Words: 695 - Pages: 3

Utopia

...Final Project(Utopia) My final project will be on the stories we read in class. My project is about being different and doing your own thing . It will resemble the difference in people and show to stand up for what you believe in and show that it only takes one person to change the world. My project is with three different types of people ,the red fuzz ball is the outcast , the white fuzz balls are the same exact , and the purple fuzz ball is the authority . In the story Harrison Bergeron it states that one character is trying to put out the word about being different and the authority had stopped him and killed him. My project is similar that story but it is telling people to basically do to what you want unlike Harrison he was telling people to break different laws and remove handicaps. My project will hopefully help people understand that it's not always the coolest to be the same. What I am trying to say with in my project is that one voice and mind can hopefully change others minds and have an impact of so many minds. So that where they can all work together and let the government recognize the effort and time people put in to show that they want to be different to other people. The project does not have to be just about being different it can also show that if you stand up for what you believe you'll get farther than you would ever expect to and achieve more in life than you would just keeping quiet....

Words: 269 - Pages: 2

Utopia

...despite the fact that such an ideal life has stayed in people’s mind, not too many people believe a real utopia exists. It is similar to when audiences watch a romantic movie with a perfect ending and tell themselves this can only happen on the screen where all the lines have been written and edited carefully. Without any hope for any possible alternatives, eventually, no one would strive to create a peaceful and fantasy world according to their dream. However, there is a country that is making the dream of a lot of people come true. In a recent decade, Singapore has been moving towards the idea of improving their social and economic problems through constructing the modern building projects. Needless to say, their significant achievement in economic social development has brought them opportunities to become one of the most stable economies in the world regardless of a limited space and sacred natural resources. Singapore is among the countries that has the lowest rate of unemployment, highest adequate living conditions and social pension, and fastest economic growth in Asia. Furthermore, it is also well known for the green environment and energy efficiency. Although Singapore is believed to be a clear example of how a utopian plan has improved human development, there are critics argue that its government is directing people in an oppressive setting through a so called utopia and that there is lack of innovation in a too stable economic organization. The rigid of the......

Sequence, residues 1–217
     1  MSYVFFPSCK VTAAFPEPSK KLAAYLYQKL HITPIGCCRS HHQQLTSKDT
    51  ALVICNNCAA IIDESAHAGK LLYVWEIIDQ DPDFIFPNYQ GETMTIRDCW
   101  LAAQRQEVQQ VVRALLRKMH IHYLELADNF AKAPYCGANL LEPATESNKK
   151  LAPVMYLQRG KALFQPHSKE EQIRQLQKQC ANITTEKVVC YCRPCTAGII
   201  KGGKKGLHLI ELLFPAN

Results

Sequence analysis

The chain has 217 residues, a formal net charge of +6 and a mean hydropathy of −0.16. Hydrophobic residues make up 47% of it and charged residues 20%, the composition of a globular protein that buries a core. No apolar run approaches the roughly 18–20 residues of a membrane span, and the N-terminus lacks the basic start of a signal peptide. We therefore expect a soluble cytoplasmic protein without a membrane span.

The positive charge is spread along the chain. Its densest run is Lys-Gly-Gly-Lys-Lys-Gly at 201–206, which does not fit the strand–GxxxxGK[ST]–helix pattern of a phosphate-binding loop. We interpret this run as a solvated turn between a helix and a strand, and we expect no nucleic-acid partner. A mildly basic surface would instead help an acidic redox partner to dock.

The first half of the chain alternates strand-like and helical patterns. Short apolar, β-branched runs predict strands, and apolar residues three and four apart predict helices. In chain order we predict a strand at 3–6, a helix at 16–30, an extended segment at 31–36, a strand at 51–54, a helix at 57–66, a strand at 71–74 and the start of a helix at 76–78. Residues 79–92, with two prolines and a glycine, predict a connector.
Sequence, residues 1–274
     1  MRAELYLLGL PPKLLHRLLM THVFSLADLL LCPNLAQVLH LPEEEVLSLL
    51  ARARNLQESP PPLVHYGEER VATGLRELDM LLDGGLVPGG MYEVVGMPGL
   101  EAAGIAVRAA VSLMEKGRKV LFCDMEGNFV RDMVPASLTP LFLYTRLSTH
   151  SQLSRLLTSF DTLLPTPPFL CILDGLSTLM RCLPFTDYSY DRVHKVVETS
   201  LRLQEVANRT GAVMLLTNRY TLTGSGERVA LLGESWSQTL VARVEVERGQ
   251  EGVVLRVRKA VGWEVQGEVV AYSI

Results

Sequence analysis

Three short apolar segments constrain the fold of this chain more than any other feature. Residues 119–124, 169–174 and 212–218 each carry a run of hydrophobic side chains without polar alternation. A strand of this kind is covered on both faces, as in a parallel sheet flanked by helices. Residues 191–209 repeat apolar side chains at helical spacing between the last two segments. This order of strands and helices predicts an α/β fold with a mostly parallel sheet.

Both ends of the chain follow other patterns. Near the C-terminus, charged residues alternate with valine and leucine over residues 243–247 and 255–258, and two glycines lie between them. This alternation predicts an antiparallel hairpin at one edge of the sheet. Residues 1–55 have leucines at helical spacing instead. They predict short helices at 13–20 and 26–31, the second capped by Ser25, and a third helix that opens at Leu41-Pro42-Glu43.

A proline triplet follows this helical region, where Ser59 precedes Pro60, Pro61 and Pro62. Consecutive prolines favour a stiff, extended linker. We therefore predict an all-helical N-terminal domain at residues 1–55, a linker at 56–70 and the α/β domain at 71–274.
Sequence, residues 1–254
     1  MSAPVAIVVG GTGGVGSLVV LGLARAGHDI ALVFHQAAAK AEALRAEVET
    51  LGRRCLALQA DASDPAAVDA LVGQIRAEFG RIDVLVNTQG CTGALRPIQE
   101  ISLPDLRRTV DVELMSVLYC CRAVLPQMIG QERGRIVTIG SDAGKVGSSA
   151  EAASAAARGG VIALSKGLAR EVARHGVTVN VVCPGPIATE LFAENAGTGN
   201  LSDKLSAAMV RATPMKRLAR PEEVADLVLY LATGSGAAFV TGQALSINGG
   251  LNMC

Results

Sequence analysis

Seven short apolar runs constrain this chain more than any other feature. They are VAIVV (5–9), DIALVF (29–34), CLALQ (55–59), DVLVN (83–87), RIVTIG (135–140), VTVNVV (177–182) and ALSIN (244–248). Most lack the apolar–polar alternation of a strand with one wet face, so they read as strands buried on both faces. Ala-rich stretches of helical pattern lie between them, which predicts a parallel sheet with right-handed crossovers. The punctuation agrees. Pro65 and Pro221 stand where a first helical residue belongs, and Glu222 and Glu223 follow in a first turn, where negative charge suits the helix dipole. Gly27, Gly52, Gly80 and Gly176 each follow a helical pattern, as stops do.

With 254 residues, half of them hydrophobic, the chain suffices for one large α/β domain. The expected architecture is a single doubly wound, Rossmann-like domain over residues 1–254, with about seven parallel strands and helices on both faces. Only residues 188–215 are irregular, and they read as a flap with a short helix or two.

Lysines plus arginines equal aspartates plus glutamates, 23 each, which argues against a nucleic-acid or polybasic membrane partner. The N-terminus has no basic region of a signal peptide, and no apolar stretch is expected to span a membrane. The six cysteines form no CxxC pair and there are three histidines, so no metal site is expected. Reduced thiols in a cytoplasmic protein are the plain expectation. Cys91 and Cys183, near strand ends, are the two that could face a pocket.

Words: 3276 - Pages: 14

Hope

...class, our instructor taught us a new pose called “the raven”. She was very calming and relaxed throughout the class, and helped us do the poses correctly. She prompted us to do the poses using both the names, and giving us instruction on how to position our bodies. She was very helpful, especially for someone who doesn’t know many poses. At the end of the class as I was getting ready to leave, our instructor was chatting with everyone and was very friendly. Overall I really enjoyed this class experience. I was worked hard, but my mind was very relaxed. It was a friendly environment and a fantastic workout. I was sore for three days! The other people in the class knew how they wanted to adjust their poses in order to fit their bodies. I hope one day I will be able to know how to do that too....

Words: 302 - Pages: 2

Utopia